Now, a little bit of backstory. As I mentioned at the top, a month ago we did a mailbag, it was I believe the longest this podcast had ever been. I think it was an hour and 12 minutes, give or take. Generally, I say to you, I'm hoping to hit about 45 minutes each week. It feels like a nice jog. It shouldn't be a jog and a slog or a marathon. And so I had to wonder aloud earlier this month, you know, was that too much, how much is too much? One of the things I've learned as a public speaker is, you want to leave them wanting more. And I'm not sure an hour and 12 leaves any of my fellow Fools wanting more.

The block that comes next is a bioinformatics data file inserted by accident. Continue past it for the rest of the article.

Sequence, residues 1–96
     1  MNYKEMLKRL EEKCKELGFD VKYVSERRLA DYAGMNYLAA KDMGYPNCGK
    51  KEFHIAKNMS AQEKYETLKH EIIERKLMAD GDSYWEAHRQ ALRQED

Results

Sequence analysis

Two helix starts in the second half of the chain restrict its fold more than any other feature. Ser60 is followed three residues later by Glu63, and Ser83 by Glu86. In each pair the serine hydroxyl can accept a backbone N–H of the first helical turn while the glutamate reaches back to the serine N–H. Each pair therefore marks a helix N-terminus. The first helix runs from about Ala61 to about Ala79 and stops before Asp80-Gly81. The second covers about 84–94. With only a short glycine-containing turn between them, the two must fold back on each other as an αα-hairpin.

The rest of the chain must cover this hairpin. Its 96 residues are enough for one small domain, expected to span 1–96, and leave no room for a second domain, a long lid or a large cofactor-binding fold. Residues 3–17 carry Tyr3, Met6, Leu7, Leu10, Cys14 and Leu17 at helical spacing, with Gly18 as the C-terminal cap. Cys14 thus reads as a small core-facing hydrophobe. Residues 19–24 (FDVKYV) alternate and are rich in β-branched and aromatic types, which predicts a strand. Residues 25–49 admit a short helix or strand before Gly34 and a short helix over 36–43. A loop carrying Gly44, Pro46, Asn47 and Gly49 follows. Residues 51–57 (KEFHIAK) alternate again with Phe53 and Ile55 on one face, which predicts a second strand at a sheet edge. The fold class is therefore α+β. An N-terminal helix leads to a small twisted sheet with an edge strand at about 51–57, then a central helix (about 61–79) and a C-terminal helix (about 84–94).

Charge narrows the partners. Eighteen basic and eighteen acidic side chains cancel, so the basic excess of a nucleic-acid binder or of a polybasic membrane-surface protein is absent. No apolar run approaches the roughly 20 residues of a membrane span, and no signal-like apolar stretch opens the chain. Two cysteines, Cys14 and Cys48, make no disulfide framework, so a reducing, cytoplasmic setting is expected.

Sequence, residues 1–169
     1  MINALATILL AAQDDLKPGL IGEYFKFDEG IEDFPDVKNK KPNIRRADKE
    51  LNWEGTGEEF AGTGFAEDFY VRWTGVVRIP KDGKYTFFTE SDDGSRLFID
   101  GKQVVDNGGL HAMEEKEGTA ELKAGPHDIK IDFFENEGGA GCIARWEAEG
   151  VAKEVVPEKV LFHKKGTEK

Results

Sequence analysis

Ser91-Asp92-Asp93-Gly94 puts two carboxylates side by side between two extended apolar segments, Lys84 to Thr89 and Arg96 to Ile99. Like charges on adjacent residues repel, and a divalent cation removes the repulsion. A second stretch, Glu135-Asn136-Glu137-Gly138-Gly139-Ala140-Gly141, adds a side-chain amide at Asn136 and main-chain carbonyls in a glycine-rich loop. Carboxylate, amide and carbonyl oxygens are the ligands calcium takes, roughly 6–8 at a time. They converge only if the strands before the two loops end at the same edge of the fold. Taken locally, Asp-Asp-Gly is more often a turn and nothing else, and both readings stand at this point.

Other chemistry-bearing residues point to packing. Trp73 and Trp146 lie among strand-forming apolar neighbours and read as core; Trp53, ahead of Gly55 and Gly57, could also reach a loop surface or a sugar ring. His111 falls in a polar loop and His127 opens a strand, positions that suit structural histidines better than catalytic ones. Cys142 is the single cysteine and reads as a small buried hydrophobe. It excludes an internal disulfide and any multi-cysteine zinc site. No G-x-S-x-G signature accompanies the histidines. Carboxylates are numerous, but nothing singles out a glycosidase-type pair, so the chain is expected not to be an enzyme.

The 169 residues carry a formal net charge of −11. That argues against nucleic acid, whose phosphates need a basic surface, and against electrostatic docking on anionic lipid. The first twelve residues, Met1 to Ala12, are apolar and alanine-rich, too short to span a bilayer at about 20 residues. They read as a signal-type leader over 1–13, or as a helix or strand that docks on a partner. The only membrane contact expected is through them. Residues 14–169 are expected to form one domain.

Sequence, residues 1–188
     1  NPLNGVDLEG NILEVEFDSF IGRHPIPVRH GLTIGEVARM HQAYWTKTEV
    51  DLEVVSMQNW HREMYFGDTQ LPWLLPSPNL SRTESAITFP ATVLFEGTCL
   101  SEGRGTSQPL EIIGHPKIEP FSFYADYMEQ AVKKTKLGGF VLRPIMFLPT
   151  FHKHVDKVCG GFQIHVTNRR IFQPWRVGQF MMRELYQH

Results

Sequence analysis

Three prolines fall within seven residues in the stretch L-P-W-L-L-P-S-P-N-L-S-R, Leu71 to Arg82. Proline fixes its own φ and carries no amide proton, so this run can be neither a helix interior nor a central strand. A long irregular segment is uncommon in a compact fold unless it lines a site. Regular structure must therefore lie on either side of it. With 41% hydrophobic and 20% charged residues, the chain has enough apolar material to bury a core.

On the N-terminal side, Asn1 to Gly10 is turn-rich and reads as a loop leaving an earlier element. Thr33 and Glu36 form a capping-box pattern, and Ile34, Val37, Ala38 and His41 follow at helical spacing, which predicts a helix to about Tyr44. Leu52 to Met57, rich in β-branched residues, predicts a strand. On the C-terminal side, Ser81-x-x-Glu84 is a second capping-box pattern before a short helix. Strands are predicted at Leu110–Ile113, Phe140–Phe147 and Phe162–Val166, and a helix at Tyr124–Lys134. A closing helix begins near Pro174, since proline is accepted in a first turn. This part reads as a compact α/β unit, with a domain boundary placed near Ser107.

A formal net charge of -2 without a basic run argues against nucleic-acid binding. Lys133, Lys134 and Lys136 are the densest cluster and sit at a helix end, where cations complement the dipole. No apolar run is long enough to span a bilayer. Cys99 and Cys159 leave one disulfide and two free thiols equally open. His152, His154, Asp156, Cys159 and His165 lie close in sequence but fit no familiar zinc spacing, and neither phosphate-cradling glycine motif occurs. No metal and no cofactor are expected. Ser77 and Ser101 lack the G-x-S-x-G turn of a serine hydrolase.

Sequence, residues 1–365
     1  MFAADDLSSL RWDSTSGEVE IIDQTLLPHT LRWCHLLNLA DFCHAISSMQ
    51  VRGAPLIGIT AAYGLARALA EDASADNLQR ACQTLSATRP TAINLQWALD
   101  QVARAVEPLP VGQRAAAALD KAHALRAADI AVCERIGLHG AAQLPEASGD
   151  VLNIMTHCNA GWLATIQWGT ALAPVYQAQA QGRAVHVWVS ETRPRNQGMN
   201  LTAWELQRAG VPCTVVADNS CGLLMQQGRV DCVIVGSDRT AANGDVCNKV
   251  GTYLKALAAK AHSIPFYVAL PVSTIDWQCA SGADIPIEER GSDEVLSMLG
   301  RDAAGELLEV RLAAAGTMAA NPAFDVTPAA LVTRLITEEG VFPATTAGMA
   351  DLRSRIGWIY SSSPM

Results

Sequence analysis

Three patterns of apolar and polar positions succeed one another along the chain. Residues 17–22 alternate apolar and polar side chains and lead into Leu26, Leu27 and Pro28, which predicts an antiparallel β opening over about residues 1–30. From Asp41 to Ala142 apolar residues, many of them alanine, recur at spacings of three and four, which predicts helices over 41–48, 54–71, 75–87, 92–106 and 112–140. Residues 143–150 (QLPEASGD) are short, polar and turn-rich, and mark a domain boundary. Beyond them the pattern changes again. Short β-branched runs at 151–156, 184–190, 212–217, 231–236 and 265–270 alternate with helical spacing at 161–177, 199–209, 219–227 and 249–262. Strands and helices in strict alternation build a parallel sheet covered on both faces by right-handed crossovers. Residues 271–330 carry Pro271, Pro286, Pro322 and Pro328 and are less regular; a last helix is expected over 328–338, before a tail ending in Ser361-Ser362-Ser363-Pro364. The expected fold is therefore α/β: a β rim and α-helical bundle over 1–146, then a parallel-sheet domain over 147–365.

Well, here's Jum's note, Rule Breaker mailbag item No. 1. "Dear, David, if I could listen to what you have to offer in a podcast all day long, I would." Now, let me pause right there and say, I will never make a podcast all day long. And that is very kind. This is, of course, for my self-acknowledged biggest fan, so I think you'd want Jum to be saying this. I'm not saying anybody else needs to feel this, but I'll be welcoming Rick Engdahl, my producer, to discuss this very shortly. She goes on, "So, I have absolutely no objection to long podcasts from you and your team. It is heartwarming, but not at all surprising to me that you asked us if it's OK for you to produce a longer podcast when it's your time and energy you put into it for us Fools." Well, that is, again, very kind of you, Jum, but I do want to make it clear. My time or Rick's time of an hour and 15 minutes -- by the way, Rick spends a lot more time than that producing this podcast. But our time is nothing when you multiply how many people are listening for how much time. So, I really do think it is about your time, because I try to multiply what we're doing and understand the implications.